"Having this complete information will allow us to better understand how we form as an individual organism and how we vary not just between other humans but other species," Evan Eichler, a Howard Hughes Medical Institute investigator at the University of Washington and the research leader, said Thursday.
The new research introduces 400 million letters to the previously sequenced DNA -- an entire chromosome's worth. The full genome will allow scientists to analyze how DNA differs between people and whether these genetic variations play a role in disease.
The research, published in the journal Science
on Thursday, was previously in preprint, allowing other teams to use the sequence in their own studies.
Until now, it was unclear what these unknown genes coded.
"It turns out that these genes are incredibly important for adaptation," Eichler said. "They contain immune response genes that help us to adapt and survive infections and plagues and viruses. They contain genes that are ... very important in terms of predicting drug response."
Eichler also said that some of the recently uncovered genes are even responsible for making human brains larger than those of other primates, providing insight into what makes humans unique.
This remaining 8% of the human genome had stumped scientists for years because of its complexities. For one thing, it contained DNA regions with several repetitions, which made it challenging to string the DNA together in the correct order using previous sequencing methods.
The researchers relied on two DNA sequencing technologies that emerged over the past decade to bring this project to fruition: the Oxford Nanopore DNA sequencing method, which can sequence up to 1 million DNA letters at once but with some mistakes, and the PacBio HiFi DNA sequencing method, which can read 20,000 letters with 99.9% accuracy.
Sequencing DNA is like solving a jigsaw puzzle, Eichler said. Scientists must first break the DNA into smaller parts and then use sequencing machines to piece it together in the correct order. Previous sequencing tools could sequence only small sections of DNA at once.
With a 10,000-piece puzzle, it's hard to correctly arrange small puzzle pieces when they look alike, much like it is to sequence small sections of repetitive DNA. But with a 500-piece puzzle, it's much easier to arrange larger pieces -- or, in this case, longer segments of DNA.
A second challenge was finding cells that contained only one genome.
Standard human cells contain two sets of DNA, a maternal copy and a paternal copy, but this team used DNA from a group of cells called a complete hydatidiform mole, which contains a duplicate of the paternal set of DNA. A complete hydatidiform mole is a rare complication of a pregnancy caused by the abnormal growth of cells that originate from the placenta. This approach simplifies the genome so that scientists need sequence only one set rather than two sets of DNA.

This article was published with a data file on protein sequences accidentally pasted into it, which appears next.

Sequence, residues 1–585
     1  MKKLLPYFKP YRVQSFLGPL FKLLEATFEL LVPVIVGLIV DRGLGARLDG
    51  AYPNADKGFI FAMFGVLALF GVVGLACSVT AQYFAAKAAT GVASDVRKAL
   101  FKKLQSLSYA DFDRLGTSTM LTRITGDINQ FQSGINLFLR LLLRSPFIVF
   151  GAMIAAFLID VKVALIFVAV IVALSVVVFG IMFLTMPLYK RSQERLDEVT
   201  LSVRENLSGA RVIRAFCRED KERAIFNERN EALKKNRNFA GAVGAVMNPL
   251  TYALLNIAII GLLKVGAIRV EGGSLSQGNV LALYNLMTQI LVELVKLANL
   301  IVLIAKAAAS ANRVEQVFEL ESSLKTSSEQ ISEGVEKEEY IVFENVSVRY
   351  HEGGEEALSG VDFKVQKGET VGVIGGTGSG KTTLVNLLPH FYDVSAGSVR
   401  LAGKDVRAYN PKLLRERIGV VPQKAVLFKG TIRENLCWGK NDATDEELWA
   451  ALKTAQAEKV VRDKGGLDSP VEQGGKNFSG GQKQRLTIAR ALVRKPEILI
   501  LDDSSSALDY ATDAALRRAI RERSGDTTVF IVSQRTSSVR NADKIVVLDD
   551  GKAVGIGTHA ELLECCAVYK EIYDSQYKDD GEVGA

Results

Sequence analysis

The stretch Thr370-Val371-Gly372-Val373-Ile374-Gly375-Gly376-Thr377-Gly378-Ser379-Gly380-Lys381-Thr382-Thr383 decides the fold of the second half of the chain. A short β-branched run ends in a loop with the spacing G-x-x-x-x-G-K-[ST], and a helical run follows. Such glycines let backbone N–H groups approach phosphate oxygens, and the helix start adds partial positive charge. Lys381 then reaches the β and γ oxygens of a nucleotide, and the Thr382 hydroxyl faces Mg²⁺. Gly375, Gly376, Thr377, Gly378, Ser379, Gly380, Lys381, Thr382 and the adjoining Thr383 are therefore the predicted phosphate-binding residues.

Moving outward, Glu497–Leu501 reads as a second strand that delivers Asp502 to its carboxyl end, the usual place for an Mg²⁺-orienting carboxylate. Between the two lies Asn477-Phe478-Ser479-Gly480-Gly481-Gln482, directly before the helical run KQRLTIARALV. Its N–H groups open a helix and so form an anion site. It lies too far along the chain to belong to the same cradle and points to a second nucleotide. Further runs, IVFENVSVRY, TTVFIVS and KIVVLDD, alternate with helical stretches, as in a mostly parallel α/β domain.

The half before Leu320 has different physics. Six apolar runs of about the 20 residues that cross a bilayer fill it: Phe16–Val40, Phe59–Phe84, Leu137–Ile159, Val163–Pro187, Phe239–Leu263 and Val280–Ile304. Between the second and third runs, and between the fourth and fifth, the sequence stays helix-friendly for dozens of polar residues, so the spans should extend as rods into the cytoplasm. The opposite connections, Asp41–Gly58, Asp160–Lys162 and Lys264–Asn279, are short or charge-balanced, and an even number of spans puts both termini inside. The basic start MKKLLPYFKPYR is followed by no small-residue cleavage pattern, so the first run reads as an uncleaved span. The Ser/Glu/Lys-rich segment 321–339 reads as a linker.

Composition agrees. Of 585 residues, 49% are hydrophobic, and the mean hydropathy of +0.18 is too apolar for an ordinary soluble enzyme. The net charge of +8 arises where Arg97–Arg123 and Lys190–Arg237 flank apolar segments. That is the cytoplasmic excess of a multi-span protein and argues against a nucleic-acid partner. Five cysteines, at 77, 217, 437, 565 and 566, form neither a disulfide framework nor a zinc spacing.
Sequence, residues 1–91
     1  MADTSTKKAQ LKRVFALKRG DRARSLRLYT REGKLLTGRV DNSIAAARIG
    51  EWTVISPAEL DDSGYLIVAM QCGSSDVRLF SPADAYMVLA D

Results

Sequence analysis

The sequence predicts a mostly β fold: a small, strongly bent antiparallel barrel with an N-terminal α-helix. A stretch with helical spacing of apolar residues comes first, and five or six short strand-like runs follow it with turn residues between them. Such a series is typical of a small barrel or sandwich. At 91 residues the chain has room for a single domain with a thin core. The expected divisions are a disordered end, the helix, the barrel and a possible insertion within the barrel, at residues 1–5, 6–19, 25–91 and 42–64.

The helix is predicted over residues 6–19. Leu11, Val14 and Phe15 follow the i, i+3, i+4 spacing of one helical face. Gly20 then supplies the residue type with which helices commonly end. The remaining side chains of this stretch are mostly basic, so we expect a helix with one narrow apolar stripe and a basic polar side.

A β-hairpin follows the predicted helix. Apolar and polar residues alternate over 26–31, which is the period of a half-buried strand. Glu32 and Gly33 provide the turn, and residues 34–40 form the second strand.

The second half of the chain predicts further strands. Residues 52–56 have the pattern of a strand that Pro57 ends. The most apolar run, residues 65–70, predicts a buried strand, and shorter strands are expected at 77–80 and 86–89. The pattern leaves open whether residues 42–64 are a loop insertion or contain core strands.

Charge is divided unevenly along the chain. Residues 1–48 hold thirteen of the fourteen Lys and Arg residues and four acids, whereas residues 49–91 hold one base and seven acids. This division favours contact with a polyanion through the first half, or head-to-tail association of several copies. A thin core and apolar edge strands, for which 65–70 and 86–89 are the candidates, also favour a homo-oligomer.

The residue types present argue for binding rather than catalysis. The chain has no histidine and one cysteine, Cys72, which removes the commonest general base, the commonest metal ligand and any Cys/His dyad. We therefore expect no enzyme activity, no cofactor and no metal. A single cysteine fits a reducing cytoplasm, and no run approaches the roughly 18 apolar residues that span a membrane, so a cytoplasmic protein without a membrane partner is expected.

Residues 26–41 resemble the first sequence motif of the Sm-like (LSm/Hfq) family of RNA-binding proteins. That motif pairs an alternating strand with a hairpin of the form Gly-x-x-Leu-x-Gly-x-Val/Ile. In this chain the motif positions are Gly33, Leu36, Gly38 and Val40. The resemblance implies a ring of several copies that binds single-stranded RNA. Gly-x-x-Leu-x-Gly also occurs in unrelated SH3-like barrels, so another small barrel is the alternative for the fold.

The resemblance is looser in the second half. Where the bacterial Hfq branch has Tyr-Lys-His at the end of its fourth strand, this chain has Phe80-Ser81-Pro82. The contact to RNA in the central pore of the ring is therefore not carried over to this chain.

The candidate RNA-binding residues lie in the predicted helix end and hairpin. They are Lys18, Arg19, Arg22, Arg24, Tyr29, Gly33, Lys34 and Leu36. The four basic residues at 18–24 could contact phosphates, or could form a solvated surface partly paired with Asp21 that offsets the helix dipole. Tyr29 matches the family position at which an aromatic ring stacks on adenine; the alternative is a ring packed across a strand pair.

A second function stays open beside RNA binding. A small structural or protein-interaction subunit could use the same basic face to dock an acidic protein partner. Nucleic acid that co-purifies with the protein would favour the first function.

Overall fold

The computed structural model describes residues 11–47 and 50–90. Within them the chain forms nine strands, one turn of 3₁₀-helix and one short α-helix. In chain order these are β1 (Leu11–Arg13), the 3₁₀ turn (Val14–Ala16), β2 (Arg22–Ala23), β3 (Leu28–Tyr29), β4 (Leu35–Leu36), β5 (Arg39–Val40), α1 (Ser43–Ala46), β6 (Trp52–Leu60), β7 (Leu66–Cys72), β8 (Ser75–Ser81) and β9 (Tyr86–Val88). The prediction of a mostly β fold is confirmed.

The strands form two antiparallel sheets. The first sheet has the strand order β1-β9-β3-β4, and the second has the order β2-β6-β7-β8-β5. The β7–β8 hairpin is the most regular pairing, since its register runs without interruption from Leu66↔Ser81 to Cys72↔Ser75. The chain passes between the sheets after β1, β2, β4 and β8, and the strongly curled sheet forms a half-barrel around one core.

Because the research team used a duplicate set of DNA, the scientists were unable to sequence the Y chromosome originally. According to lead study author Adam Phillippy, the team has managed to sequence the Y chromosome using a different set of cells.
A complete set of 24 sequenced chromosomes is available on the University of Santa Cruz genome browser
Decoding this gapless sequence has a high price. Phillippy, who is also head of the gene informatics section at the National Human Genome Research Institute, said that altogether, the project cost a few million dollars or more. But that's a fraction of the almost $450 million
that it cost the Human Genome Project to achieve its final sequence in 2003. And with new technology, sequencing is only getting cheaper.
For now, it's still too costly and time-consuming for everyone to sequence their own genome. But research is underway that uses this genome to identify whether certain genetic differences are linked with specific cancers. Knowing the genetic variations could also allow doctors to better tailor treatments, said Michael Schatz, another researcher on the team and a professor of computer science and biology at Johns Hopkins University.
Phillippy said he hopes that within the next 10 years, sequencing individuals' genomes can become a routine medical test that costs less than $1,000. His team continues to work toward that goal.
Charles Rotimi, scientific director of the National Human Genome Research Institute, said in a statement that this scientific achievement is "moving us closer to individualized medicine for all humanity." Rotimi was not involved in the research.